letter to a (young) friend

letter to LM, 28 June 2012

my dear friend,

Musing on the inspirations from our conversation the other night.

My thanks are in order for listening as I spouted on about my job prospect[s].  If there were more, maybe I'd talk less of each individual one.

Your mishap [accidentally insulting your current roommates] still gets me thinking about Hitchens; you would definitely love Letters To A Young Contrarian.  I think I read it at first because [our old counselor] said it reminded her of me -- no better compliment exists than to be compared to the inscrutable bastard that was "the Hitch," as he called himself and was called by others.

Another bit from the Letters is this: "The high ambition, therefore, seems to me to be this: That one should strive to combine the maximum of impatience with the maximum of skepticism, the maximum of hatred of injustice and irrationality with the maximum of ironic self-criticism."  I think Hitch was one of those people, like my brother and my uncle, and a few others I know, who is, as I have written in journals before, "obsessed with the fact of living" -- how to do it not even well, but just correctly & beneficially.  Hitch's longtime friend, the novelist Martin Amis, said that he agonized over the decisions he made and ideals he espoused; he knew that the things he said and thought mattered, at least to him, as well as to many others.  He cared enough about himself (many say too much) to know that each decision can and should be a difficult one if it leads to growth.  Reminds me of what Sam Harris, fellow atheist and anti-religionist, wrote: "Who said that being morally good, or even ethically consistent, must be easy?"

Hitch also wrote, "Don't be afraid to be thought arrogant or selfish."  I asked a friend long ago if I seemed arrogant to him, and he said yes, but in the best possible way, as though he were insulting me.  Good! I thought.  Better to be concerned, deeply concerned, with the way I conduct my life than to be concerned with the way others conduct theirs.  After all, I can't control anything but than myself.

These may be noble thoughts to mention because of the needless insults of your fellow boarders, but know that I see a relation strong enough to mention the two together.  At the same time that I gently remind you not to make hasty generalizations (certainly not in the presence of those being generalized), I beg (!) you not to be like them!  Never care what others say of you!  Believe instead in yourself, what you have to say.  Remember that words mean more or less nothing, and even less when they come from the mouths of the superficial or uninformed.  To your roommate who said something like, "I wouldn't want someone to make assumptions about me," I say, why not?  It happens every moment of every day, and yet we only fuss about the instances we can observe.  Know that, unlike many of them and many of the general populus, your identity does not rest upon its perception by others.  Go deep inside yourself, learn to love whatever you find there, and if you care about it (or anything else) enough, never be afraid to share it with others.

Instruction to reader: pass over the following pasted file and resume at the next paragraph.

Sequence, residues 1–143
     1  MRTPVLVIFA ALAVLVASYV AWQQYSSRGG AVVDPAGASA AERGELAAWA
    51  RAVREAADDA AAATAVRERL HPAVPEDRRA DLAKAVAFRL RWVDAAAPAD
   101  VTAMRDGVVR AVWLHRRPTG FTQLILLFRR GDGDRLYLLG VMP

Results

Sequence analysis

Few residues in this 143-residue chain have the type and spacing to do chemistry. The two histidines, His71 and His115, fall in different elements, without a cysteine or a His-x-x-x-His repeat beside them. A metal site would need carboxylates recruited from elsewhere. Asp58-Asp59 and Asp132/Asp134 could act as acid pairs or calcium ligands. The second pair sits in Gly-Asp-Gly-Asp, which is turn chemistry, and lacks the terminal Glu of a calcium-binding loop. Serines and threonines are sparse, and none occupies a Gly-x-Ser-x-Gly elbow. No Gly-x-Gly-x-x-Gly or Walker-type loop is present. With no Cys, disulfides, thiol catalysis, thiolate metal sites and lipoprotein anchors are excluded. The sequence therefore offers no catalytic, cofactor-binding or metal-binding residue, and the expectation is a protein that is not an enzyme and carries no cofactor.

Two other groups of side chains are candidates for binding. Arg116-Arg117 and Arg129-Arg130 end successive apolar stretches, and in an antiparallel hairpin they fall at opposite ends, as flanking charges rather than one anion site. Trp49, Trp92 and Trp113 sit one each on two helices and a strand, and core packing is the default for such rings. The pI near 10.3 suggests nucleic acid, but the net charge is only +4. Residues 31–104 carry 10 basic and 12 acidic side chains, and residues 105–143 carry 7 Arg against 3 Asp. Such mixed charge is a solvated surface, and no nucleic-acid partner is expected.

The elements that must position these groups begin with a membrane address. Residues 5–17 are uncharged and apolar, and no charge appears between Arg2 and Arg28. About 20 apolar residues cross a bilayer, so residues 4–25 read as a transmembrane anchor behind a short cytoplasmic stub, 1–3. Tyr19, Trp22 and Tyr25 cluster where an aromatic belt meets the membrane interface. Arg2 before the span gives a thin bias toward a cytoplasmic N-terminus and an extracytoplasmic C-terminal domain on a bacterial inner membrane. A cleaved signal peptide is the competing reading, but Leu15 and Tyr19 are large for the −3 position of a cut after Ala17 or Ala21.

And finally, know that these words are not meant to be read as admonishment; my thoughts are only directed at you today because of the coincidences of this world.  And, of course, because we all feel the same ways.  In Letters To A Young Poet, the collection of Rainer Maria Rilke's letters that spawned a series of well-meaning imitations (like the Hitchens), he writes, "And if there is one thing more that I must say to you, it is this: Do not believe that he who seeks to comfort you lives untroubled among the simple and quiet words that sometimes do you good. His life has much difficulty and sadness and remains far behind yours. Were it otherwise he would never have been able to find those words."  This young poet, also obsessed with the fact of living, sends a message to those in places quite familiar to hers.  We are in this one together.

your affectionate monster,

[R]